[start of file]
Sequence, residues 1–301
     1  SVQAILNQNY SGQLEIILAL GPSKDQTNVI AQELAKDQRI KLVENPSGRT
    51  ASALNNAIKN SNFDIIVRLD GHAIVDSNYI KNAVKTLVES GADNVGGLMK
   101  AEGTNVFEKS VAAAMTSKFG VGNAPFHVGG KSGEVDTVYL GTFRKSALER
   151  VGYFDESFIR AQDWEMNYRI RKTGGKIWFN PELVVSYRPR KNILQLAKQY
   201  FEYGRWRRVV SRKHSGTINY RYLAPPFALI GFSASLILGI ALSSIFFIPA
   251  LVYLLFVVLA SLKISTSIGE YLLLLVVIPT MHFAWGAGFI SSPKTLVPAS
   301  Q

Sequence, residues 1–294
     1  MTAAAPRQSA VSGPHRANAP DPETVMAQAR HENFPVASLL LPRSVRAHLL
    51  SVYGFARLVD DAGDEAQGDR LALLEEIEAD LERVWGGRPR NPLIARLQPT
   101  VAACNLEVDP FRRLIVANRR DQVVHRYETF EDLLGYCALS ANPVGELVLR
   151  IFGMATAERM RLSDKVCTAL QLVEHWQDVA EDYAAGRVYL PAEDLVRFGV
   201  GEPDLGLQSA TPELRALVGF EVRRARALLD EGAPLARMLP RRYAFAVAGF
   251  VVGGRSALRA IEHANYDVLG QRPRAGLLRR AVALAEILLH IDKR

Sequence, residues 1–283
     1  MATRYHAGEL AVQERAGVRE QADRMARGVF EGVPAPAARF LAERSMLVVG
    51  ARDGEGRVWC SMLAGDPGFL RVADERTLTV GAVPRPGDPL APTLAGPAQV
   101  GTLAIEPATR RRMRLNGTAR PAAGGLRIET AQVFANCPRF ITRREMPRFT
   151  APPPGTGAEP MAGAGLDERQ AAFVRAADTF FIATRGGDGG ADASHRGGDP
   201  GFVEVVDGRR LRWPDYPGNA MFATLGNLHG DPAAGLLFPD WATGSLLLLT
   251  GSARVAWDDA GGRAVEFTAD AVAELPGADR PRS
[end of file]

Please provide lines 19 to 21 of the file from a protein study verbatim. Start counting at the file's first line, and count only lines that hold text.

   101  GTLAIEPATR RRMRLNGTAR PAAGGLRIET AQVFANCPRF ITRREMPRFT
   151  APPPGTGAEP MAGAGLDERQ AAFVRAADTF FIATRGGDGG ADASHRGGDP
   201  GFVEVVDGRR LRWPDYPGNA MFATLGNLHG DPAAGLLFPD WATGSLLLLT